The Virtue of Right Time, Right Place

Apharitis Cilissa butterfly photographed by Jeffrey Zablow at Mt. Meron, Israel

It’s a rare, protected little butterfly, that flies in June, a very short flight time. It only flies in a limited range in Israel’s Upper Galilee Region. Ian Lawson just shared an Apharitis image from eastern Turkey, and I immediately thought it was time to share my fav Apharitis with you.

I so much wanted to see Apharitis cilissa. That it was a Protected species of butterfly called out to me. More than that the challenge beckoned. Short flight time, very limited range, and I’d have to find it without anyone’s help, for there was no one to guide me, or even pinpoint where to search?

On Mt. Meron, I was startled by the realization that I DID find them! They were tiny as expected. Those silvery spots shone so exquisitely when reflecting the powerful Middle Eastern sunlight. I found that they liked to nectar, and they also would perch, prominently and did tolerate very brief approach.

I stayed with their small colony for some time, noticing that they would actively move their hindwings, as hairstreaks often do. Oh, how I wanted to capture a good image, with the shiny spots glistening and some upper wing revealed.

You know I shoot film, and once exposed, I have to wait some week or two or more, for my slides to be FeExed back from Kansas. I waited. They were delivered and out came the lightbox.

This survived the culling. My best of Apharitis cilissa, an endangered butterfly of the HolyLand, on a comely mountain bloom.


On Pins and Needles . . .

Apharitis Cilissa butterfly photographed by Jeffrey Zablow at Mt. Meron, Israel

My timing? Perfect for finding a flight of Apaharitis Cillisa, on Mt. Meron in the upper Galilee, the HolyLand, Israel.

After seeing quite a few fly, I wanted to catch a good shot of those teeny, tiny wings as they gently undulated back and forth. Why? Because when those hindwings moved back and forth, the exquisite coppery-red color of the upperwing peeked out, and it was a treat to see it. Here you see my best result, a pleasing share of both dorsal and ventral wing. I wanted to capture this sweet look, and I think I did.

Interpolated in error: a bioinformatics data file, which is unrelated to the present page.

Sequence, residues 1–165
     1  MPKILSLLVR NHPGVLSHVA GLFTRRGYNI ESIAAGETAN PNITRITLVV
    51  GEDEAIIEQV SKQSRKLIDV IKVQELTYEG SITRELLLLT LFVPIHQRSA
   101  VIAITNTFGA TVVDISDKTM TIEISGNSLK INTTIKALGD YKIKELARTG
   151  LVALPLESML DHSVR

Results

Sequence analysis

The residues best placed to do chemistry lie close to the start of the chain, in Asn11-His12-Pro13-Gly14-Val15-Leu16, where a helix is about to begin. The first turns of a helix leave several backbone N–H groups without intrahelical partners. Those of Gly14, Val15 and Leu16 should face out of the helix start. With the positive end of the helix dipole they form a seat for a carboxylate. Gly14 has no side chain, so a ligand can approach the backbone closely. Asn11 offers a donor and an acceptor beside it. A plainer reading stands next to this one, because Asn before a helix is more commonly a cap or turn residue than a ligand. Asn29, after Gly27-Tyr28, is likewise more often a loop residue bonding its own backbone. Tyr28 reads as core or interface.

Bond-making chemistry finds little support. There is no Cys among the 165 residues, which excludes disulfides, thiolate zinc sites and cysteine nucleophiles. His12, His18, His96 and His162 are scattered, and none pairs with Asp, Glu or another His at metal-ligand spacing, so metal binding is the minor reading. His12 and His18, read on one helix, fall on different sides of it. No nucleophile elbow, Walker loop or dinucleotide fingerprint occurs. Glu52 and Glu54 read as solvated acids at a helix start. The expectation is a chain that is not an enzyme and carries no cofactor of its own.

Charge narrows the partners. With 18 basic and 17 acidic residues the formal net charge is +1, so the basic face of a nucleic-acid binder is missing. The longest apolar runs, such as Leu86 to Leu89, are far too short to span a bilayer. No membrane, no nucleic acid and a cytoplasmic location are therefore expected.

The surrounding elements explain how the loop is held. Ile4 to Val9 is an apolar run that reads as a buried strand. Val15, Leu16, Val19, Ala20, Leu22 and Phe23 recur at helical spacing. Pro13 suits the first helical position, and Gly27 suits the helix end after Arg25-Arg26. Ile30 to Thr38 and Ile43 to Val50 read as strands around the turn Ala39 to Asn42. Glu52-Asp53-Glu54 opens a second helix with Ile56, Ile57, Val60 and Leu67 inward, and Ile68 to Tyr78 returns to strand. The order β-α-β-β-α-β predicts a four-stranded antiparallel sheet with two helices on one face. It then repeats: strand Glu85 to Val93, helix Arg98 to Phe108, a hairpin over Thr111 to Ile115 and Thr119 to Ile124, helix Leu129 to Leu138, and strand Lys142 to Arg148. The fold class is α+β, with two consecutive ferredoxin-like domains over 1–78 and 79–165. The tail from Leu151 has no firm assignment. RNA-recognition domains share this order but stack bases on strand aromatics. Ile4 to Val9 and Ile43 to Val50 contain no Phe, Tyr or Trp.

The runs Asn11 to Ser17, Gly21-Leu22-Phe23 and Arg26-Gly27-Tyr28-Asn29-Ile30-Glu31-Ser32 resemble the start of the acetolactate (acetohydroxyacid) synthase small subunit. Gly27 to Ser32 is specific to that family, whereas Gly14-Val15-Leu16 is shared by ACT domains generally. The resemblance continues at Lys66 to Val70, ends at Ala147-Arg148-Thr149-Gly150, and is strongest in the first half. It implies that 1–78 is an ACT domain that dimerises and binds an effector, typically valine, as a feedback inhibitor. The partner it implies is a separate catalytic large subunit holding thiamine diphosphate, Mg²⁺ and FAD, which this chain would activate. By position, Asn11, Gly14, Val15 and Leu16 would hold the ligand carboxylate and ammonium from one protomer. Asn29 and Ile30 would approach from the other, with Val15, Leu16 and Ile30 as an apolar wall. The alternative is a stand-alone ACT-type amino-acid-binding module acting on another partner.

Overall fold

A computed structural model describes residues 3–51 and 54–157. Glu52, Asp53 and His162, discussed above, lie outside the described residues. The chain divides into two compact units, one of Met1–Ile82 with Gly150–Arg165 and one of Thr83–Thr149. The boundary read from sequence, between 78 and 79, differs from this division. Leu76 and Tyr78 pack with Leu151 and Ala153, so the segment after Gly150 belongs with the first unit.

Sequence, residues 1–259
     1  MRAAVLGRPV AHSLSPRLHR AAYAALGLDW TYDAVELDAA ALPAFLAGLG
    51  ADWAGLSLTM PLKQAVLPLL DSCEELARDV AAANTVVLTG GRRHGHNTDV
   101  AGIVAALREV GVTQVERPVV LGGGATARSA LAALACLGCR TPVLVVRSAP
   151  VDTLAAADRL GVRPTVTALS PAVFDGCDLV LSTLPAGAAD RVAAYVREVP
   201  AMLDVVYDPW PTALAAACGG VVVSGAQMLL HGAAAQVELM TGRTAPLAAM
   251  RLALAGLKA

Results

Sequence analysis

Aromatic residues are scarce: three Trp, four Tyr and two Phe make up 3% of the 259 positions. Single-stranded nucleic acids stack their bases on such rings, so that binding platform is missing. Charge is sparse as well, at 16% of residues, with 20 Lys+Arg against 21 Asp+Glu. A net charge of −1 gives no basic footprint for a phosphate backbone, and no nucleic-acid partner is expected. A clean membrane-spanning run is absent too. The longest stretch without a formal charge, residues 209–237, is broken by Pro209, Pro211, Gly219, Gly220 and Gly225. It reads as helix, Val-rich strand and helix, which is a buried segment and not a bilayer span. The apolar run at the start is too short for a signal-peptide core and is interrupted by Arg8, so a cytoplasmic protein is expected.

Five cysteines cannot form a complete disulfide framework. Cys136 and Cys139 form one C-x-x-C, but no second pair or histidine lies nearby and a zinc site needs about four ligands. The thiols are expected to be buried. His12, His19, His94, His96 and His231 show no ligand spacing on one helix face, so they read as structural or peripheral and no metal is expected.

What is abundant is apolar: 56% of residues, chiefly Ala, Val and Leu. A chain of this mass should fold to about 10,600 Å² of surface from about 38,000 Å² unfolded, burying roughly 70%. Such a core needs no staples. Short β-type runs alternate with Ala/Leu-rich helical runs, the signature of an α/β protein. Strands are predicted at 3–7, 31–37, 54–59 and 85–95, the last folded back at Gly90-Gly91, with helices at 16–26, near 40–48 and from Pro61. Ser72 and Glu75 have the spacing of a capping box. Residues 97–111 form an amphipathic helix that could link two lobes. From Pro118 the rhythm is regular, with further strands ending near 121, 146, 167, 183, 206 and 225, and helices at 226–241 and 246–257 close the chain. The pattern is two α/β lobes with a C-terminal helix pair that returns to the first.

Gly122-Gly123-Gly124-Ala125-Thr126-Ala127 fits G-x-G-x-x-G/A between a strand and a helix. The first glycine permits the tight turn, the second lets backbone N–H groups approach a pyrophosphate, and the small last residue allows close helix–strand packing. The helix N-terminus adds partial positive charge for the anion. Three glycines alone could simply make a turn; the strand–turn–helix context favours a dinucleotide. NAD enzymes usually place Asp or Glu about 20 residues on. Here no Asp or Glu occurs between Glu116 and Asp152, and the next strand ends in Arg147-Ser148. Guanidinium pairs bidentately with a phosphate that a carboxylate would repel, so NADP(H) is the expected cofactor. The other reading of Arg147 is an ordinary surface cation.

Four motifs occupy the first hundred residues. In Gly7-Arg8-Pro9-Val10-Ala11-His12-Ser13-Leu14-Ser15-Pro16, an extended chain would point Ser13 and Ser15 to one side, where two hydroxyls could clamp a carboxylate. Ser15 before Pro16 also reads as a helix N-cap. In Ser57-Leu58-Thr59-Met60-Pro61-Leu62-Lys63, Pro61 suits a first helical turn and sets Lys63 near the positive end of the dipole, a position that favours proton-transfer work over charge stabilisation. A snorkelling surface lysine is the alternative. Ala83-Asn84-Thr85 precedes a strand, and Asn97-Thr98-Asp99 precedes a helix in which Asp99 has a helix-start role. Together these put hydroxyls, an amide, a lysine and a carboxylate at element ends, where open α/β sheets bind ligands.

Just 2 days ago, Dwayne’s Photo (Parsons, Kansas, USA) emailed me. My 27 rolls of Fuji Velvia slide film has been processed, and my slides will arrive tomorrow, NLT noontime.

Pins and Needles. That’s how family used to describe how it felt to wait for something that they really, really wanted badly.

I got my Swift Guide of North American butterflies (Glassberg) in the mail yesterday. John and Nancy strongly recommended it. Last night I poured through it. Pins and Needles!!

Will my slides be keepers? Will those fantastic exposures of mating, hard to find Mexican fritillaries be worthy of sharing. Will those of the largest, most gorgeous Monarch butterflies I’ve ever seen, shot before and during their coupling, meet my own standards?

Imagine my ‘bated breath’ as I recall shooting Erato heliconian, Red-rimmed, Malachite, Gold-bordered hairstreaks, Menstras, Fatal metalmarks, Tropical leafwing, Texas crescents, Julia heliconians and many, many more rare and new to me butterflies. Pins and needles. Needles and pins.